“Come under the wing of the Spirit. All of you beneath a threatening sky, working in fields far from home, turn and come now, come under the wing of the Spirit. The protection of the sacred will shelter you. The strength of the holy will surround you. When the time comes, trust your own instincts, and come under the wing of the Spirit. There you can ride out the next storm. There you can renew your energy for the next call to prayer. These are the days for which we were made. This is the moment for miracles. When you hear a distant bell, come under the wing of the Spirit.” —Steven Charleston

That goldfinch out there.
Really—he’s like a little nugget of sunfire.
How can he shine so?
He must be lit from within.

““What can a tree teach us about self-worth? How it grows only so big as its mothersoil can provide for, how it draws nutrients from her, but then expresses itself in leaves and fruits. How it kindly emits oxygen and purifies the air. How it offers itself as shelter, how it shades, how it sometimes lives to be ancient or not, but always offers its body back to the soil which grew it. How it becomes a nurse log upon which a whole new ecosystem can grow. Reciprocity is the only practice which can heal the alienation we feel from The Family of Things.” —Toko-pa Turner

“You are your own cartographer now.” —Ralph Blum

Luna on the Hill

I wrote this poem on 8 October 2014, after seeing part of a lunar eclipse one early morning on my way to work. This morning, again, as we crested Pisgah ridge, the ball of the moon was rolling off over the far hills, a smudge of Earth-shadow beginning to veil her face.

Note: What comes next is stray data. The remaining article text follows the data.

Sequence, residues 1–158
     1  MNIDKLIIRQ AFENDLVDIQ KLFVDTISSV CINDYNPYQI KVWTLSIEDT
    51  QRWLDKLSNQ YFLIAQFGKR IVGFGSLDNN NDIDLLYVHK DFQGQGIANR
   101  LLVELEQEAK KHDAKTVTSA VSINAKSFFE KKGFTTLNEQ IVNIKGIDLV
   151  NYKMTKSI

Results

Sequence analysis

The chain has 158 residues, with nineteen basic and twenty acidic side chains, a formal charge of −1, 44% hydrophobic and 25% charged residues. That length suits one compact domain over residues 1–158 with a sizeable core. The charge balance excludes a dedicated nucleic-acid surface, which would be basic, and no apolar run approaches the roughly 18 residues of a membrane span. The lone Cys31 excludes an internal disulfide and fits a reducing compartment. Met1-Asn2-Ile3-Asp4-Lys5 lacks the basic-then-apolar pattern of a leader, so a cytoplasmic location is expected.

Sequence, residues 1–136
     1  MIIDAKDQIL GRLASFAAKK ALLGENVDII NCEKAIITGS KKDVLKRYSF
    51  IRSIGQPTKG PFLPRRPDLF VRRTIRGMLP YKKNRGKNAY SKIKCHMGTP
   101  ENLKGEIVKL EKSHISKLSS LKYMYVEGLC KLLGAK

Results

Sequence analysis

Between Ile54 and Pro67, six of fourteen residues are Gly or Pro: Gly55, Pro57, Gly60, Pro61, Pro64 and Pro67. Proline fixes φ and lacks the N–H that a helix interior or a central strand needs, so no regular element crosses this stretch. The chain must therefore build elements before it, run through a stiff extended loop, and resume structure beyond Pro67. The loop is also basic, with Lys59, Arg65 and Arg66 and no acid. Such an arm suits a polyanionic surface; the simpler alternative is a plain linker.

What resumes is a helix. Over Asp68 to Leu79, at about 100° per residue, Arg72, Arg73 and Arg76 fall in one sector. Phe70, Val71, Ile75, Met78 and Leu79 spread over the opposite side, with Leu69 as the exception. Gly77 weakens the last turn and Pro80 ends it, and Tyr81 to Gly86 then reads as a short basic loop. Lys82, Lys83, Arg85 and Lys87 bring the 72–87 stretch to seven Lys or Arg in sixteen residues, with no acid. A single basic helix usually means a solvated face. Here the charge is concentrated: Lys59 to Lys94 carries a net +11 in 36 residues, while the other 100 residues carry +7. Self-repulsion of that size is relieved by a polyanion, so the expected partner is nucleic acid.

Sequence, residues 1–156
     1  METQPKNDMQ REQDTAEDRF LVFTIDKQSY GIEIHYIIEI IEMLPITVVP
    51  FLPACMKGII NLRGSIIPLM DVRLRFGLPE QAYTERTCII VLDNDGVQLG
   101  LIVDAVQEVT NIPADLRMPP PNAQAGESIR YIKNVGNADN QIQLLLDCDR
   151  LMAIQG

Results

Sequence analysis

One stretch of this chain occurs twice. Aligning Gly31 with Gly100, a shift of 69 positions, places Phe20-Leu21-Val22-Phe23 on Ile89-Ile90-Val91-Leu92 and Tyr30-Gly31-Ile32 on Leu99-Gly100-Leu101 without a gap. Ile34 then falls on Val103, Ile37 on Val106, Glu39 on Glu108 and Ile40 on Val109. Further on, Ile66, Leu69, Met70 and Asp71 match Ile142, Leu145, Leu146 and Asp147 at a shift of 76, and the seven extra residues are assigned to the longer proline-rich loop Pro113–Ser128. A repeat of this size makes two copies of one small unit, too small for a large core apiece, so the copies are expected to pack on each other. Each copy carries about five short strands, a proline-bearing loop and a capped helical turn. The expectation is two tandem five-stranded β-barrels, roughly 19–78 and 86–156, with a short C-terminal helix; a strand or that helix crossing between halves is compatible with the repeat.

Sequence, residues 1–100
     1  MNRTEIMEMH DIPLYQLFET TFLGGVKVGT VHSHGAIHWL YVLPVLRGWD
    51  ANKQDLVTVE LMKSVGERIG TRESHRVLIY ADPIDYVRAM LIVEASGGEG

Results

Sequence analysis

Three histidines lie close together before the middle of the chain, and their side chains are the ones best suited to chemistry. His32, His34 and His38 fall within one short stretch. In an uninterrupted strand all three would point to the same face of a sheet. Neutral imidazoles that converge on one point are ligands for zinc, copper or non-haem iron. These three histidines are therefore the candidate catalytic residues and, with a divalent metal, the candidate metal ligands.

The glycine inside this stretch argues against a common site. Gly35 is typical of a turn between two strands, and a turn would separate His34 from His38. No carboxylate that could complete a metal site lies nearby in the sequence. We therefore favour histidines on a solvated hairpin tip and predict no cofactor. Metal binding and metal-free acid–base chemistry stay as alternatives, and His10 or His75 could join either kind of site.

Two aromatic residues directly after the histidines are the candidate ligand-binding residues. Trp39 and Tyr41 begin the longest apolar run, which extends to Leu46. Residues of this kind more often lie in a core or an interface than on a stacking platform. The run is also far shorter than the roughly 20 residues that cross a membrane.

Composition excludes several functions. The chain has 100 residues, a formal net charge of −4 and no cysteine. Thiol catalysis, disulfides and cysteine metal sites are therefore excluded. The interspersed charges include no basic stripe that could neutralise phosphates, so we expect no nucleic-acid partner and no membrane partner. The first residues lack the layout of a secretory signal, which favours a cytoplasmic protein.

What Moth? What Butterfly?
by Beth Weaver-Kreider

The raucous owls were silent in their bamboo haunts
this morning as I rushed up the hill to meet the moon
emerging from her umbral shadow,
from her ombre ochre cocoon.

What moth will she become?
What butterfly will I?

I sat a moment at the junction where my road
meets the ridge, Mt. Pisgah Road before me,
then the tidy fence,
the dusky hill meadow,
a lacy line of trees across the hilltop,
and the changing moon above in chestnut orange glory
nestled into the indigo dawning.

I caught glimpses of her on my way down the ridge
and then in my mirror as I crossed the bridge
over the water and under the last dusk of night
and I saw then that she was only now just fading into the shadow,
only entering her transformation.

I had to leave her there behind me to do her work
behind the veils of dusky morning
while I drove into the shining pink of sunrise,
Venus riding high before me
and two crows above,
lifting their wings in alleluia.

Witches Being Ducked

Gratitude List:

1. “When, however, one reads of a witch being ducked, of a woman possessed by devils, of a wise woman selling herbs, or even of a very remarkable man who had a mother, then I think we are on the track of a lost novelist, a suppressed poet, of some mute and inglorious Jane Austen, some Emily Bronte who dashed her brains out on the moor or mopped and mowed about the highways crazed with the torture that her gift had put her to. Indeed, I would venture to guess that Anon, who wrote so many poems without signing them, was often a woman.”  –Virginia Woolf  (I had never read the first part of the quotation before.  Thank you, Christine Lincoln!)
2. Christine Lincoln and the Witches Being Ducked.  What a powerful Sisterhood.  I have fallen in love with you all.  Your magenta hair is a halo, an aura of  Shine, matching the passionate person within.  I am in awe of you.
3. All those images.  I want to write them all here, but they don’t belong to me.  I will carry them with me, deep, deep within.  Such story-making.
4. The tenacity of morning glory.  Over a week ago, Jon cut down the vine that was climbing up the dead sunflower in front of the house.  The leaves on the vine that continue on up the balcony have long since withered, but the flowers were still blooming today!
5. The heartbeat of a moth.  I held a small moth on my finger this morning, and I could feel its life force, its heartbeat, like a small motor quivering.

So much love.